A small Central Mississippi community is pushing to get an idled poultry operation up and running again, looking to recoup hundreds of jobs that were lost when it declared bankruptcy.
Now, Equity Partners Inc. has the challenge of not only finding a buyer for the sprawling poultry complex in Forest that includes the assets of the former sister companies Lady Forest Farms and Forest Packing, but also one who wants to reopen the plant, not just make an investment.
“That would be the fun part for me,” said Dan Rexford, managing director and founder of Easton, Md.-based Equity Partners, “seeing the operation running and people working.”
The Harralson family had operated the sprawling complex for more than 50 years, spanning three generations, when the economy and soaring input costs forced Lady Forest Farms and Forest Packing into Chapter 7 bankruptcy.
At one point, the sister companies employed approximately 600 workers in the small city in Scott County. Stephen Smith of Jackson-based Smith & Company, P.A., the Chapter 7 trustee charged with maximizing the value of the companies’ assets, said the complex had a payroll of roughly 300 workers when it was idled.
“It was a blow to the community to lose that many jobs,” Smith said. “We would all like to see this operation back in business.”
It was Smith who put forth the motion in Bankruptcy Court to hire Equity Partners, which has a track record of success in similar transactions. As example, Equity Partners recently completed the sale of a complex in Charles City, Iowa. That property ended up at auction with five companies competing for the acquisition. A group out of Chicago produced the winning bid.
However, that complex had never gone into production, Rexford said. The sales process in Forest is more complex in that buyers want to see the property, look at the existing equipment, etc.
“This kind of transaction is just going to take more time,” Rexford said.
The principals have been pleased with the early response from prospective buyers. At press time, the property had only been on the market for a couple of weeks. More than 20 prospects had already expressed interest in buying Lady Forest Farms and Forest Packing. Most have regional or national presences and they are headquartered across the U.S.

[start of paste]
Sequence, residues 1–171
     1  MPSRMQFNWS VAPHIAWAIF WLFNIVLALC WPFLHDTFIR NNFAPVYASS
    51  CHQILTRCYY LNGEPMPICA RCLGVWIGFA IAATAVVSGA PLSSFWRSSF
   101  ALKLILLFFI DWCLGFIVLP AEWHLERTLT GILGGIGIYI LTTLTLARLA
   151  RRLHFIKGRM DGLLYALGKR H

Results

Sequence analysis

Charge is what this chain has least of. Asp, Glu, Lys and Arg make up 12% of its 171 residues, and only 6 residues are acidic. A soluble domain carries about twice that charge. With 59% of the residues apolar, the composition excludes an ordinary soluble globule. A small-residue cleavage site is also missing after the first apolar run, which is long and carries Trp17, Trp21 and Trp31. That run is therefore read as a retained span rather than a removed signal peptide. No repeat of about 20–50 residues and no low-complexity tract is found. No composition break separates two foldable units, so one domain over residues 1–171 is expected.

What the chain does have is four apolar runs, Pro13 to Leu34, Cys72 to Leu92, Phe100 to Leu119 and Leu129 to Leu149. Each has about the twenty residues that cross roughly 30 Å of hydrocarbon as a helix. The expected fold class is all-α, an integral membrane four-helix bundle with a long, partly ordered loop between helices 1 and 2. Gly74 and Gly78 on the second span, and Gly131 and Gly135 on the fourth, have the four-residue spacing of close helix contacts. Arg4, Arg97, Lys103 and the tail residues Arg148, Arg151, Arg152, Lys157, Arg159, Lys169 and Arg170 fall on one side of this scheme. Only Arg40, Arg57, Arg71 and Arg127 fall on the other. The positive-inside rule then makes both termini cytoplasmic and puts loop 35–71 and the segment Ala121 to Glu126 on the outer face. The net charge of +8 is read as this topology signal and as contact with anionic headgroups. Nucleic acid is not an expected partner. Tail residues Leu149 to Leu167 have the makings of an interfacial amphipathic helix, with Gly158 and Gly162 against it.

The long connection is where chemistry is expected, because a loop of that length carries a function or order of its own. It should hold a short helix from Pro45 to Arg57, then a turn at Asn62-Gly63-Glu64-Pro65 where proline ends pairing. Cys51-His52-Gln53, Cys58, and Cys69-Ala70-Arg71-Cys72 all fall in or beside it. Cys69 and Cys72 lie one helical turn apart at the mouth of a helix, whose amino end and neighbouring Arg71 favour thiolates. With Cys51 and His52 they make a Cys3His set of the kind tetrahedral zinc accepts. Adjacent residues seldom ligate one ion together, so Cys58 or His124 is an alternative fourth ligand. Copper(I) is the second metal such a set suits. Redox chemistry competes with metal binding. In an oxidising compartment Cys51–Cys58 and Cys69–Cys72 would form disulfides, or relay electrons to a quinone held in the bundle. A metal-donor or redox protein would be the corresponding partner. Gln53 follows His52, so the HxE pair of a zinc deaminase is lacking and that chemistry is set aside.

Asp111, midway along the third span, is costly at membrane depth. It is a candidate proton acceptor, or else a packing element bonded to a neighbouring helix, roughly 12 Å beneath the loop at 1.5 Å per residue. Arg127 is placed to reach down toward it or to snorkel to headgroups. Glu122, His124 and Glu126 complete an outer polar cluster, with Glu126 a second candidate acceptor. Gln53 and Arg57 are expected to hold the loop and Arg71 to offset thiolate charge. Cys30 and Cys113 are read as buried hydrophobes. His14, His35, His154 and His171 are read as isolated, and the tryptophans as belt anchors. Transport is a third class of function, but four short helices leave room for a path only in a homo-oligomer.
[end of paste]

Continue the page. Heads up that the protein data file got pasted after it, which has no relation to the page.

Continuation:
Rexford said if a buyer were found, it would most likely be a company or group that has an existing regional or national footprint.
Rexford added, though, that some of those prospects were looking at the property only as an investment — some were not interested in getting the plant back in operation and adding the looked-for jobs.
He is moderately optimistic that a buyer can be found. Considering the economy and other factors, Rexford said he feels “fairly good” about the prospects of finding an appropriate buyer.
“While our charge is to maximize the value of our assets, our ultimate goal is to get this poultry operation back up and running,” Rexford said. “I don’t know if we are going to be able to do it, but we will turn over every stone. If need be, we will sell off the parts to recover funds for creditors.”
The effort to reopen Lady Forest Farms and Forest Packing has been joined by both the City of Forest and the Mid-Mississippi Development District.
“The City of Forest has a long successful history of working with prospective industry to locate in our city,” said Forest Mayor Nancy Chambers. “We look forward to every opportunity to participate in working to secure jobs for our people and especially in helping to replace those jobs lost by the closing of Lady Forest Farms and Forest Packing.”
“Forest Packing and Lady Forest Farms have been major forces in the regional economy for years, and we need to do whatever we can to replace those jobs,” said Randy McMillan, director of the Mid-Mississippi Development District.
Located on Highway 35 North, Lady Forest Farms and Forest Packing offers substantial assets for sale. These include: a hatchery; 12 pullet houses; 11 breeder houses; feed mill; processing plant; office building; a separate 65-acre tract served by the Kansas City Southern rail line; and, 1,000-plus acre pine tree plantation with turkey, deer and stocked ponds.
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